It was founded in 1623 with the name of the Monastery of the Incarnation, of the religious order of St. Benedict, but from the beginning is called San Placido to be leaning against an old church, with the patronage of the saint was annexed parish San Martin until 1629. Its founders were Dona Teresa Valle de la Cerda and Alvarado, and her then fiance Don Jeronimo de Villanueva, Prothonotary Mayor of Aragon, and Secretary of State from 1630, and who left for that purpose one of his houses at San Roque . The nuns, of which he was the founder, entered the convent on May 12, 1624.
San Placido has been one of the most famous monasteries of Madrid's old regime, as it was home to many legends that splashed even to King Philip IV. Among the best known is the demonic possession of twenty nuns at the convent in 1628, among which was Teresa Valley. After several exorcisms, the Inquisition intervened condemning imprisonment in a convent to Don Francisco García Calderón, confessor of the convent, and who allegedly had relationships with some nuns, and also after Levi recant, he retired four years Dona Teresa in the convent of Santo Domingo de Toledo.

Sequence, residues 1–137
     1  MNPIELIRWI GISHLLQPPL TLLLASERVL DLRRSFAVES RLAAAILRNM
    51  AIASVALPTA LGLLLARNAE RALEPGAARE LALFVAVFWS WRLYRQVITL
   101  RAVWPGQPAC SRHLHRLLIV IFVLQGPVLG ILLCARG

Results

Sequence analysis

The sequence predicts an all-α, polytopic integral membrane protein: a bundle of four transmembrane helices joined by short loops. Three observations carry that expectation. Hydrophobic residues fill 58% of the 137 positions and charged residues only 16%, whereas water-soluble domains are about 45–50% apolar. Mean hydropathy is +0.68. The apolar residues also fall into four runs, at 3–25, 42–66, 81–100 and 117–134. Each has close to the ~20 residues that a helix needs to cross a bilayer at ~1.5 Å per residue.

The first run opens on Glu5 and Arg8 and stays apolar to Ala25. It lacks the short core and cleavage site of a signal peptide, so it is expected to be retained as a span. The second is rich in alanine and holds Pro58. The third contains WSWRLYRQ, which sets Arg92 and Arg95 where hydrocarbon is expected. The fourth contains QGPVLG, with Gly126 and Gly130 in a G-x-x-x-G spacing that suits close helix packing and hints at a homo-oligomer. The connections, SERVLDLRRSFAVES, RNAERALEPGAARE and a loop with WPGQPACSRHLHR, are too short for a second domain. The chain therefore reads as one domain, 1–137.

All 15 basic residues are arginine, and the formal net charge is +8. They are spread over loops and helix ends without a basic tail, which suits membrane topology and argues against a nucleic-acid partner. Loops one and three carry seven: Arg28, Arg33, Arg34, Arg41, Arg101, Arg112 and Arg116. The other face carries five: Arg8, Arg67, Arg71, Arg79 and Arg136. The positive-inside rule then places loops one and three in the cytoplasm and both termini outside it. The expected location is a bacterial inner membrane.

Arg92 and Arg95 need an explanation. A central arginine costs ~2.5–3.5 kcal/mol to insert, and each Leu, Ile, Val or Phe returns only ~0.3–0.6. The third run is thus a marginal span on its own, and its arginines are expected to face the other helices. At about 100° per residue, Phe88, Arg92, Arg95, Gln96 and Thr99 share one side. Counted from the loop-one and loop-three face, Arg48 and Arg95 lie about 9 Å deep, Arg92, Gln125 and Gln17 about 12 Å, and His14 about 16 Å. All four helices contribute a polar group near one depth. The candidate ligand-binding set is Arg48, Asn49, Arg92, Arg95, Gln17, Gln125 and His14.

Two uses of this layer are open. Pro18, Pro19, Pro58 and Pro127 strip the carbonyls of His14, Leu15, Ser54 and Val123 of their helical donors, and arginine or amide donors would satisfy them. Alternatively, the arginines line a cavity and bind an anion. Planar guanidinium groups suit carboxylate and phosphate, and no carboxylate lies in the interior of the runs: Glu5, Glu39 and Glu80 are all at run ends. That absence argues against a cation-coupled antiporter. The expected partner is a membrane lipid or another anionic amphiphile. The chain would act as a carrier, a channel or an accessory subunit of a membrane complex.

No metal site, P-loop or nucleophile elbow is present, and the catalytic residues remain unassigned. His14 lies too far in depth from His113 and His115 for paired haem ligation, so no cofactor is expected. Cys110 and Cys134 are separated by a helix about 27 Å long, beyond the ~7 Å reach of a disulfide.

Another legend has to do with the clock of the convent, whose bells mimic death knell. Reportedly, the watch was a gift from Philip IV the convent after death, true or feigned, a nun named Margarita, with which the monarch had relations.
Moreover, the present church was begun in 1641 by the architect Fray Lorenzo de San Nicolás, Augustinian Recollect religious, from Madrid, who also finished work around 1661. Most notable is the interior decoration. It saves a recumbent Christ by Gregorio Hernandez, and also until his transfer to the Prado, was also the famous Christ of Velázquez. But what stood out was the chapel of the tomb which was decorated with murals of Claudio Coello, Francisco Rizi, Sierra and Juan Pérez Martínez Cabezuelo, which was demolished in 1908 under threat of ruin. In 1912 he began to build a new convent in addition to restoring the old church, works that are finished next year according to a design by architect Rafael Martínez Zapatero. In 1943 it was declared a National Monument.
Source: © 2003 Development, Consulting and Training Computing SA (DAYFISA) - Universidad Autónoma de Madrid (UAM).